I now have less than 4 years to retire at 66, and every once in awhile I Google “retirement” and find a whole crap-load of links to investment companies that will help me save enough money – ha!
Since I don’t have a lot of retirement savings, my fall-back is to target paying off the house by the time I turn 66, minimize my costs, and be able to live off of the Social Security benefit.
Below is an article I ran across that does more than tell you to save more: via The Five-Year Countdown to Retirement: How to Prepare.
When it comes to retirement planning, the top regret among American seniors is this: they wish they had saved more. In fact, a recent survey by the National Council on Aging found that this regret outranks all others, including how well they prioritized health and maintained family connections in their younger years.Retirement planning, done well, starts early in a career but intensifies in the five years leading up to your actual retirement. Once you are within that time-frame, you should be pushing hard on saving as much as possible. But this part is relatively easy once you understand what’s required. Before we get to that, let’s talk about a less quantitative factor in retirement planning: what exactly are you going to do with yourself?
Set Some Goals
It might sound like a question for young people: what do you want to do with your life? But a surprising number of folks go into retirement with no idea what they’d like to do with their time. While the money has to be there for retirement to work, happiness in retirement also requires an answer to this big question.
So, make a list of goals. Maybe you want to volunteer your time, and one goal might be to try out several volunteer opportunities. Maybe you’d like a part-time job in a field that you’ve always found interesting — perhaps a bookstore or a library if you are a big reader, an art museum or gallery if you enjoy art, or a tutoring company if you like working with children. I have a client, a retiree, who volunteers with the Red Cross and travels to disaster zones all over the world.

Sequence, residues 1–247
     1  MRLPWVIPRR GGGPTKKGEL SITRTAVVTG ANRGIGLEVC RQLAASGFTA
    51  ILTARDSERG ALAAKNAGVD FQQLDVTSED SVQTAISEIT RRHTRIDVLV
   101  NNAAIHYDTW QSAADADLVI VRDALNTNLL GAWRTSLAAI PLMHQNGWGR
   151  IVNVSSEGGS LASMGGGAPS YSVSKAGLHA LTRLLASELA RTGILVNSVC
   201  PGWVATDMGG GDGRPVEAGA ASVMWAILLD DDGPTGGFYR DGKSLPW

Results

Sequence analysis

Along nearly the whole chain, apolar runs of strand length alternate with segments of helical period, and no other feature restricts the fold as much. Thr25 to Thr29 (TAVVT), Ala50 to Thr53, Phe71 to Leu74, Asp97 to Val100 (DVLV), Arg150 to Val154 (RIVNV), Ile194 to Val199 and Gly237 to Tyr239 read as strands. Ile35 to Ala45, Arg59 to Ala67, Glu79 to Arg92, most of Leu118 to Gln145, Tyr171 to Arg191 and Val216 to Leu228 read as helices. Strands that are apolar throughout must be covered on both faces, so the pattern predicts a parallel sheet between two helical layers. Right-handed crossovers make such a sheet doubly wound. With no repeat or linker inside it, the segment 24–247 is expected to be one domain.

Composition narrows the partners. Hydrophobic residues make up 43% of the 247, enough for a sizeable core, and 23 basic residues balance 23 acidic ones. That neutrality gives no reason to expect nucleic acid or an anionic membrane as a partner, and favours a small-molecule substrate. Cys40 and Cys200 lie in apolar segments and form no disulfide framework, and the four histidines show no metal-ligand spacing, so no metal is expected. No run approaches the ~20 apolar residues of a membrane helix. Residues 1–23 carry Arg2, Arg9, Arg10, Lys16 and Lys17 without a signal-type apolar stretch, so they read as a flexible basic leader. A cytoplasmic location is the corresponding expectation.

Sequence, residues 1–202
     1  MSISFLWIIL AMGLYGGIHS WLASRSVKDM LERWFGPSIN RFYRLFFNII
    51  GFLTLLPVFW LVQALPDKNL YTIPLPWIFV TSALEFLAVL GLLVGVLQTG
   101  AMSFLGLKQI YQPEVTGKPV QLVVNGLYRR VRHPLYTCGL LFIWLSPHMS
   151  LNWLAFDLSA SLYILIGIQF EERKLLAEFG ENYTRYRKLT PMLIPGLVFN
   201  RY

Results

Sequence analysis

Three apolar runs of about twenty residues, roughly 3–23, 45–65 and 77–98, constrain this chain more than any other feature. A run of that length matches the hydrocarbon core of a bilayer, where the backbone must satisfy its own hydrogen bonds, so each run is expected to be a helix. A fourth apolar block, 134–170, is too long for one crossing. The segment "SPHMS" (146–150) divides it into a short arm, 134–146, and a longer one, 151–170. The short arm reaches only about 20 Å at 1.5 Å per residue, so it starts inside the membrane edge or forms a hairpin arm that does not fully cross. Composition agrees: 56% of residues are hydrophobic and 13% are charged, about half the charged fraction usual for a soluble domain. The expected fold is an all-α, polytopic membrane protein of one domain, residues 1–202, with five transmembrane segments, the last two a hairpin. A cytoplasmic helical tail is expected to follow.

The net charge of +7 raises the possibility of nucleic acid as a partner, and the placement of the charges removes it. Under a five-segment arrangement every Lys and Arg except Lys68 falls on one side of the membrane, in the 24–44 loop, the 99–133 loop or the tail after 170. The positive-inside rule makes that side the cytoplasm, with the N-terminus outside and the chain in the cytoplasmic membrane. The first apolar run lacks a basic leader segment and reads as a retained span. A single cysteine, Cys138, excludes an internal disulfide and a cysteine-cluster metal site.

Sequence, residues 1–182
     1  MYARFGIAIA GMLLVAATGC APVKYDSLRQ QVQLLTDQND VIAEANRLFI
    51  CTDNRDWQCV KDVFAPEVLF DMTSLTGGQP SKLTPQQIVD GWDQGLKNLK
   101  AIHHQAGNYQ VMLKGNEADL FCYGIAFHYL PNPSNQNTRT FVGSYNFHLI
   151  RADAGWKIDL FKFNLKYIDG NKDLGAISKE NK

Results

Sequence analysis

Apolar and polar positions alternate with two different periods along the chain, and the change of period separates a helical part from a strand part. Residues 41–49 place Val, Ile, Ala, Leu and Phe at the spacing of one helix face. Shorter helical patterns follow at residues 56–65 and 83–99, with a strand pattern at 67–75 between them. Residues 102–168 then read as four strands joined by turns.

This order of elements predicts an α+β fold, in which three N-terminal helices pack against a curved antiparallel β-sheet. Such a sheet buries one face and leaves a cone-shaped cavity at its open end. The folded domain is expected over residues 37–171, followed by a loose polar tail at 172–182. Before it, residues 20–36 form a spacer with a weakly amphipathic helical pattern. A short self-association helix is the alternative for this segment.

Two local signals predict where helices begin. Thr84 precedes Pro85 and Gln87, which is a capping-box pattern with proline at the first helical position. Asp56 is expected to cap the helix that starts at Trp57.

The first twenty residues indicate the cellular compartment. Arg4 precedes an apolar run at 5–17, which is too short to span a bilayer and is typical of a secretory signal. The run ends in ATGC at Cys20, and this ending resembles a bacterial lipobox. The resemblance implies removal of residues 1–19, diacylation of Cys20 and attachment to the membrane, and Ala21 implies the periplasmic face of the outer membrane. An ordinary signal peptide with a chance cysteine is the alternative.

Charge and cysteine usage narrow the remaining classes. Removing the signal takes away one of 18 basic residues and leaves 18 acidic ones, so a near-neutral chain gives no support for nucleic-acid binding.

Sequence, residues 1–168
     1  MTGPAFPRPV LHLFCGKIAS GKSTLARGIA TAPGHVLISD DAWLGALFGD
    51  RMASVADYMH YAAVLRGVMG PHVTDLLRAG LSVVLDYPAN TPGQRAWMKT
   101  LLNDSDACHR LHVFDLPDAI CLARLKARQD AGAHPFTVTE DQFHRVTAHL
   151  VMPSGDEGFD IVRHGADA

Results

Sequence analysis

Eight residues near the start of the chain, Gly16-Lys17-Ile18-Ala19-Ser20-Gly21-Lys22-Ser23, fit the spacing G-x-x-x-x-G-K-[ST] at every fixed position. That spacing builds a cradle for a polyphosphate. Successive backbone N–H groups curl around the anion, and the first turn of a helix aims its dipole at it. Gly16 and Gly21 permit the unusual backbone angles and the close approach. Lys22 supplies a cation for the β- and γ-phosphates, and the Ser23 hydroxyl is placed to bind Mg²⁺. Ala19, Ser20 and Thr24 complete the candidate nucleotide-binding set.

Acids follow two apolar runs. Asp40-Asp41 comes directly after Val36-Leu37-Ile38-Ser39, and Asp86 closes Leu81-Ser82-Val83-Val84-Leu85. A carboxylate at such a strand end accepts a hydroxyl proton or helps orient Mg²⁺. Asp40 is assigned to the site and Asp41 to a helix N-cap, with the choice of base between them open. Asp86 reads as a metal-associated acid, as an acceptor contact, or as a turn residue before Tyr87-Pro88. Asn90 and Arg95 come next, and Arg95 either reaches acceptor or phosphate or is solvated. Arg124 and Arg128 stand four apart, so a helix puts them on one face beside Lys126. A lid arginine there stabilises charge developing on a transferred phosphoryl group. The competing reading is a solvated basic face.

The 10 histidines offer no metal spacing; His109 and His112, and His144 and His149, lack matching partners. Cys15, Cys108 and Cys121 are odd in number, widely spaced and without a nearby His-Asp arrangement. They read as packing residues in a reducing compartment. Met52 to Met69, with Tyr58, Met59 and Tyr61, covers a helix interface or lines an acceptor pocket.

If you are a golfer or enjoy fishing, if you want to spend more time with your grandchildren, if you’d like to travel — some of the more classic retirement activities — then put those goals on the list, and plan out ways you can achieve them. Setting goals and making plans will lend structure to your day-to-day life, which is a very important factor for retirees used to the hustle and bustle of a long, busy career.
This may sound a little silly, but it’s actually a great planning tool. Once you are within three to five years of retirement, take a long vacation — consider it a practice retirement. See how you spend your time, and consider what works and what doesn’t. You might find a balance of leisure time and productivity (that volunteer job, for instance) that works well for you, and having that information before you officially retire will make the transition that much easier.
Simply put, human beings are happier when they have a life plan and goals, and that’s not something that goes away in retirement.